MANATEE -- A sense of frustration at slow progress set in during the Opioid Task Force meeting Tuesday, as various officials worked to discuss how different agencies could solve the heroin epidemic in Manatee and Sarasota.
Officials with Centerstone Florida, the addiction treatment center formerly known as Manatee Glens, talked about training volunteers who could sit with addicts in hospitals after an overdose to go through their treatment options.
"We already have that," responded Marilou Marshall, a psych resource nurse at Manatee Memorial Hospital. "We have a list of treatment options that we give them, and we'll see it laying on the bed after they leave."
Others suggested that law enforcement try to do more. Manatee Sheriff's Maj. Connie Shingledecker quickly said that while she can't comment on ongoing investigations, they are certainly pursuing heroin dealers.
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"If I was sitting here telling you, 'It's coming from Mexico,' how do you stop that?" Shingledecker asked. "This isn't just a problem here. It's a national problem."
Gino Scano, a recovery coach at Centerstone Florida and a recovering heroin addict who has been clean since 1990, said addicts typically won't get help until they're ready.
"You couldn't say anything right (about getting clean) when I was an addict. I would ignore you," Scano said. "Then once I decided to stop, you couldn't say anything wrong."
Regardless, the Opioid Task Force is taking gradual but needed steps. Its second meeting Tuesday brought together law enforcement, the Manatee County Substance Abuse Coalition, local treatment centers, Manatee County Emergency Medical Services, hospitals, family members of addicts and state agencies at the Centerstone Florida campus to organize a coordinated effort to solve Manatee County's heroin epidemic.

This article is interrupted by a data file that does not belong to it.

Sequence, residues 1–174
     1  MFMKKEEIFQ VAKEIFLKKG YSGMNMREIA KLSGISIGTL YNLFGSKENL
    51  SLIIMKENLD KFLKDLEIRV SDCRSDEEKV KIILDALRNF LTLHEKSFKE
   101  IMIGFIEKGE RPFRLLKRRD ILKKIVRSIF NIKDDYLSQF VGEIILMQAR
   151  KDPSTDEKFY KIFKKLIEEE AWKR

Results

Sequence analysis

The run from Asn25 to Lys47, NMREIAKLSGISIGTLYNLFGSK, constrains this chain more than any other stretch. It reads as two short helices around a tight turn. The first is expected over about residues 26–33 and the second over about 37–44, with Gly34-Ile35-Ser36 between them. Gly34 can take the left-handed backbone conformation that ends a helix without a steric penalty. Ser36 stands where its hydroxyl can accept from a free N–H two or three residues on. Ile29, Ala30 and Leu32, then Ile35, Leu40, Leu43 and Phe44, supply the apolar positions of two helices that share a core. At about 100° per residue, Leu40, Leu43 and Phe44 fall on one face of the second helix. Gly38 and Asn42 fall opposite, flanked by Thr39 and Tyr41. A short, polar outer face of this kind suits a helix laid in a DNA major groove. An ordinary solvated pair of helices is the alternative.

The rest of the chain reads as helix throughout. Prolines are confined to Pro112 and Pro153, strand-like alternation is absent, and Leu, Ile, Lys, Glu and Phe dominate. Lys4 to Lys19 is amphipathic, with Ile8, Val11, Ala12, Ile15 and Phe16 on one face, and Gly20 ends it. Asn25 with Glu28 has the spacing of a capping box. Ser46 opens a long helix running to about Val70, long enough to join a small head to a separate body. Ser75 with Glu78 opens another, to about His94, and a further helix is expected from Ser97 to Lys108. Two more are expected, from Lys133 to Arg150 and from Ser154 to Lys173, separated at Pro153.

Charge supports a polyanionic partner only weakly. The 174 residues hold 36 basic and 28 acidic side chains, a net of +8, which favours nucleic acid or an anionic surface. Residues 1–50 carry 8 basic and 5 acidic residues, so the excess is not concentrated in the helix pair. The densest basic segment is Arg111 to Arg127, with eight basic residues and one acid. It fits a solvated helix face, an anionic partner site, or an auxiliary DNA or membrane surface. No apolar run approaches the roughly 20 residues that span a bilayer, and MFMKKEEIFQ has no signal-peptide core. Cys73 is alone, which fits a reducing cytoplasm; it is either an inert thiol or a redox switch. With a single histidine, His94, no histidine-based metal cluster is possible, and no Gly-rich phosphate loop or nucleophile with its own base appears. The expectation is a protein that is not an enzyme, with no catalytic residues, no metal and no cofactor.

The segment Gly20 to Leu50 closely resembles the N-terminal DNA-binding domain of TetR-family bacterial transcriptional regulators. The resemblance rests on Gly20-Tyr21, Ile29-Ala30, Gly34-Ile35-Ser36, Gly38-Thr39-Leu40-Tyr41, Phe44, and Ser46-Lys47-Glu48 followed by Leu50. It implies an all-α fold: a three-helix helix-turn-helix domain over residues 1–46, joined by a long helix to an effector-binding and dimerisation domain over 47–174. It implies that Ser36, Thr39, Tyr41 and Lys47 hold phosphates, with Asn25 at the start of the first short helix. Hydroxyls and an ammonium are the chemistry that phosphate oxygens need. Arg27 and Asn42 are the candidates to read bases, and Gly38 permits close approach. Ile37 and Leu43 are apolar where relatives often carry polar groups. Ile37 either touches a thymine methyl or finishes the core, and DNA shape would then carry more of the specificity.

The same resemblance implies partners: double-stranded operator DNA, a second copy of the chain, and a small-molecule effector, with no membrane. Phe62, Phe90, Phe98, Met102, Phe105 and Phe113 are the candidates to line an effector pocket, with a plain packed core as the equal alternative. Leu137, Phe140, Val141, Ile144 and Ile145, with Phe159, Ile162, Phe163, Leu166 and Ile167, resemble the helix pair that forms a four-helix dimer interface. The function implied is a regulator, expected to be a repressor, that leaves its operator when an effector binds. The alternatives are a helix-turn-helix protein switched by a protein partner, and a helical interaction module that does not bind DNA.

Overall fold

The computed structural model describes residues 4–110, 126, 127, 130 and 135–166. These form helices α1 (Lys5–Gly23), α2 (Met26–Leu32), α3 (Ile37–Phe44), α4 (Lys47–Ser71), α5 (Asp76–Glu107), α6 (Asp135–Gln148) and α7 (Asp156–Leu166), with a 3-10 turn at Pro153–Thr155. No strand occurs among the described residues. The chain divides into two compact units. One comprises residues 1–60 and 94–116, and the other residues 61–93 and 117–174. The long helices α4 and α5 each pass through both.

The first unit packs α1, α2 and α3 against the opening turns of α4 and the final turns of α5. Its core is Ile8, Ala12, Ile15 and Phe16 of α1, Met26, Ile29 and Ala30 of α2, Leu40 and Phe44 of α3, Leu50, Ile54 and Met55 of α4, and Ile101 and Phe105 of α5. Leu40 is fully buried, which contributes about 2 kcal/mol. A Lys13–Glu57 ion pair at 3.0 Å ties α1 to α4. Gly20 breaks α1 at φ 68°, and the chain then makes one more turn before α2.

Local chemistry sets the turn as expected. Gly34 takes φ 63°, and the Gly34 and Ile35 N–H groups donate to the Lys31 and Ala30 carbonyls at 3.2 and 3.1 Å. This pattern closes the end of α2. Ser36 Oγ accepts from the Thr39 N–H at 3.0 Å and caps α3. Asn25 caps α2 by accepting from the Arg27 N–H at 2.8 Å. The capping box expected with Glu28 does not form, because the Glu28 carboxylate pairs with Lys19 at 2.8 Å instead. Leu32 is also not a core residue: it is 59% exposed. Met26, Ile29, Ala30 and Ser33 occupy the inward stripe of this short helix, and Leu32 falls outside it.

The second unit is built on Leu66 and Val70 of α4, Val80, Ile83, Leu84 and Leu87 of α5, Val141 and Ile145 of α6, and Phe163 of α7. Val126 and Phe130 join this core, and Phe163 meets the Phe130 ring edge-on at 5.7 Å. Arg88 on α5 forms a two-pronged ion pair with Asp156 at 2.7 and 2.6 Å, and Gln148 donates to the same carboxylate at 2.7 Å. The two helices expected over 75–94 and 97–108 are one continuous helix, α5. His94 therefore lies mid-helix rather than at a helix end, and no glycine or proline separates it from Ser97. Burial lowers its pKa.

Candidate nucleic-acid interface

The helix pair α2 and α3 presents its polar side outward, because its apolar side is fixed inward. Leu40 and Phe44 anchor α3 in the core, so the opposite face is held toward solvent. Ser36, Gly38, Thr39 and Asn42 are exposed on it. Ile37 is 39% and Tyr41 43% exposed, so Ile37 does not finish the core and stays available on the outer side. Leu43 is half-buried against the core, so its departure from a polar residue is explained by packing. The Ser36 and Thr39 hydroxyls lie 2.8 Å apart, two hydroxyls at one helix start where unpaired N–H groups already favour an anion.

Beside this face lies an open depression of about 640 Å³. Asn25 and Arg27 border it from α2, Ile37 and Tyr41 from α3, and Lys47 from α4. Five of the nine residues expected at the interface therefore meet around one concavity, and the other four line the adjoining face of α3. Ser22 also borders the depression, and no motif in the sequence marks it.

It's the first group of its kind that has brought in representatives from agencies throughout the county to try to solve the crisis, which already has claimed 86 lives ust through mid-June, up from 63 in 2014 and 19 in 2013 in Manatee, Sarasota and Desoto Counties.
Now, those representatives are trying to consistently coordinate and deal with addicts. Addicts tend to enter the system either through overdosing, bring transported to the hospital by EMS, processed by the hospitals and then in best cases transferred to a treatment center, or they enter the system through encounters with law enforcement.
The task force wants to understand what addicts experience at every step of that process.
Wendy Nebrija, chairwoman of the task force and a retired member of the Substance Abuse Coalition, said they're hoping that effort will result in increased access to treatment, which is one of three steps they're trying to emphasize to cut down on the epidemic. The other two steps are preventing new cases of opioid addiction through the informed prescription of painkillers, and expanding the distribution of naloxone, a drug that counteracts overdoses and is now available to at-risk populations through prescriptions.
People who are addicted to opioid painkillers are 40 times more likely to become addicted to heroin, according to the National Survey on Drug Use and Health.
"We're going to focus on increased access to treatment in our meetings, because that's where we feel we can do the most," Nebrija said.
The task force meets every third Tuesday of the month at the Centerstone Florida campus and is developing a comprehensive list of available services for addicts.
Kate Irby, Herald online/political reporter, can be reached at 941-745-7055. You can follow her on Twitter @KateIrby